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Alexandra Tashman: LET’S ACT! press release of campaign finances lacks transparency

By Alexandra Tashman

Jan. 7, 2015 12:00 a.m.

The Undergraduate Students Association Council is no stranger to debate from divestment to surplus funding to election codes, there’s no shortage of tough topics for the council to tackle.

The latest issue of controversy comes courtesy of LET’S ACT!, one of several slates that run candidates for USAC elections. On Monday, current LET’S ACT! councilmembers who ran in the 2014 USAC elections published a press release via Facebook touting their campaign finance transparency and listing the amount of funding they received from a variety of different sources, such as alumni and T-shirt sales. These figures were released in response to reporting done by The Bruin that noted the lack of fund disclosure from all three slates that ran in the 2014 election.

While it is always beneficial to the student body to have transparency in regards to campaign finance from any of the USAC slates, there are a number of major problems with the LET’S ACT! release.

Namely, while they have provided the total amount of financial support received from collective funding sources, such as all alumni contributions or all funds gained from T-shirt sales, they have not released individual donor names and their respective donation amounts.

According to the release, the students are contacting alumni, family and student donors and asking for their consent to release their names.

However, this is a particularly flawed approach to campaign transparency because reaching out to only family, alumni and students limits student knowledge about whether people outside of those groups donated. Even if donations only came from those groups of people, students can’t be sure until they see every name.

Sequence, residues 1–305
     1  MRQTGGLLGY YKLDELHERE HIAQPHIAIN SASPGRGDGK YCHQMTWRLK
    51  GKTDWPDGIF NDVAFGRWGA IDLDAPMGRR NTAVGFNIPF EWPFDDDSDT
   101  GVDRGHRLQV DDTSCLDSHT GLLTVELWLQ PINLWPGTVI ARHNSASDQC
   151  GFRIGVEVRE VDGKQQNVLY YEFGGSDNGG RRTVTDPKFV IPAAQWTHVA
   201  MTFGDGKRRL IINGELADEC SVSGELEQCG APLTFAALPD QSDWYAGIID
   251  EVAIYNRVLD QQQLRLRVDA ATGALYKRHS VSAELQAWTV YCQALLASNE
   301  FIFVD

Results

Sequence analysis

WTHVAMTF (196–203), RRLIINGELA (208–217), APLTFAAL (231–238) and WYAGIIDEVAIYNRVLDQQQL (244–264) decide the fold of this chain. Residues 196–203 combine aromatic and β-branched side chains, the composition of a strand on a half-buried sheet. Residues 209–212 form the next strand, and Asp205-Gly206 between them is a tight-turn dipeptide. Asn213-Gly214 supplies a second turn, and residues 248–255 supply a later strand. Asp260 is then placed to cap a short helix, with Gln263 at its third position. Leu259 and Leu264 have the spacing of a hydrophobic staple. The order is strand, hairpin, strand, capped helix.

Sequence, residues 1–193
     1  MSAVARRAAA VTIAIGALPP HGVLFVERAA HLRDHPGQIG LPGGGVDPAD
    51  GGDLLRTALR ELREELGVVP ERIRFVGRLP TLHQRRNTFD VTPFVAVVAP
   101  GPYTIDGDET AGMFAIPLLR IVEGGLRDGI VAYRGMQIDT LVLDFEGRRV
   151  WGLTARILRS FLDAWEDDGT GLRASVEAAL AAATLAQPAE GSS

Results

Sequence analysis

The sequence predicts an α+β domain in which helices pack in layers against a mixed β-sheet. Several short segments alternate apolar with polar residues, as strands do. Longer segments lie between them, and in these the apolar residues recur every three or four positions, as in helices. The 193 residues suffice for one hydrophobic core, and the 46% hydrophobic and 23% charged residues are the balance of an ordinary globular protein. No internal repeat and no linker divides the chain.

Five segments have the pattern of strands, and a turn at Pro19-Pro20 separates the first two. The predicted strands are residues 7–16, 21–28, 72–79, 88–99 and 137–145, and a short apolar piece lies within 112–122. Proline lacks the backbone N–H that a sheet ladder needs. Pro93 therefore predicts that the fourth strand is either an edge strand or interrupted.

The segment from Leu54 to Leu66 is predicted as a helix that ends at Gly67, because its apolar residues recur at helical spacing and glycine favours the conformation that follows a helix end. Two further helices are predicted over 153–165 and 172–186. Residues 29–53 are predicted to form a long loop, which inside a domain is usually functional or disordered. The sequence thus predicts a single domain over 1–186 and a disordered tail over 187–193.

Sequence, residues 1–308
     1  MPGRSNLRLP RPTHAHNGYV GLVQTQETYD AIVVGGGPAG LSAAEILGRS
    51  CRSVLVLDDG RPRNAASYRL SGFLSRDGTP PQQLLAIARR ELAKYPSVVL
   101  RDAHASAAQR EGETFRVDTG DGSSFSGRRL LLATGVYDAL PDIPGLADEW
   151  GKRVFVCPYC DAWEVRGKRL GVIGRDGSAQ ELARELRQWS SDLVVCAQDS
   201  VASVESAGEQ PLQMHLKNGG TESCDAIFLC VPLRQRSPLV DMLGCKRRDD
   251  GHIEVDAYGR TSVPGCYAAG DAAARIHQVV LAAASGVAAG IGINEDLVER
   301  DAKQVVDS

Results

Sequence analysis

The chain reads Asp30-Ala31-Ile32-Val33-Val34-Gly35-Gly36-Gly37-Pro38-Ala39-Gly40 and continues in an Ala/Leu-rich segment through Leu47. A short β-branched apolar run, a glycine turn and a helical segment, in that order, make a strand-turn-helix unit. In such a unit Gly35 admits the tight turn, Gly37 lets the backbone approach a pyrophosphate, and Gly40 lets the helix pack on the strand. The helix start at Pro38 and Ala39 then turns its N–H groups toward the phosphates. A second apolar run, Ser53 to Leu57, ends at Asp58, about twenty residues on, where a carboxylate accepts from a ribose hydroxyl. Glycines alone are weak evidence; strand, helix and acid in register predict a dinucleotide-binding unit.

It also means that any controversial donor could simply deny a request to release his or her name. Moreover, campaign managers could choose not to release the names of more potentially questionable outside donors under the guise of privacy, leaving students none the wiser.

Without a complete list of names and their accompanying donation amounts, there is no effective way for students to completely monitor who is funding their student government officials’ campaigns.

This release comes in the wake of revelations published by The Bruin in December, that saw outside funding sources contributing to the campaigns of the Bruins United slate. In particular, donations made by Adam Milstein, of the pro-Israel Adam and Gila Milstein Family Foundation, to Hillel that were then funneled into Bruins United campaigns were a troubling indication of outside influence on major USAC platforms, and caused a campus-wide debate about the ethical ramifications of outside donors.

In California, under the Political Reform Act of 1974, otherwise known as Proposition 9, all campaign contributions and expenditures have to be released to the public. Moreover, the Federal Election Campaign Act requires that all contenders running for national positions have to release information about financial contributions from political action committees and individuals that exceed $200.

Scale the $200 required on the federal level down to USAC donation numbers, and it’s equivalent to $5 or $10 apiece. Any donor who gives more than those amounts, for which even T-shirt purchases would qualify, should know that they will have their name released. This should be a standard course of action for all USAC campaigns.

Basically, unless LET’S ACT!, and all other slates, release itemized donation lists, where they provide names linked to the numbers, any and all claims at transparency should be treated with the suspicion they deserve.

And until USAC’s election code reflects this necessity, there could be dozens more donors like Adam Milstein hidden in the wings.

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Alexandra Tashman
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